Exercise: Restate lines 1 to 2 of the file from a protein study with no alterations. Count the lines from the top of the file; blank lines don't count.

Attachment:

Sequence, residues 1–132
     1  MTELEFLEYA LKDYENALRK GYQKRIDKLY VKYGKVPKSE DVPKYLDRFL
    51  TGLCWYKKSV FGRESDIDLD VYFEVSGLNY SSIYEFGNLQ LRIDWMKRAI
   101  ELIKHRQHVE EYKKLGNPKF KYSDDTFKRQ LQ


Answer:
Sequence, residues 1–132
     1  MTELEFLEYA LKDYENALRK GYQKRIDKLY VKYGKVPKSE DVPKYLDRFL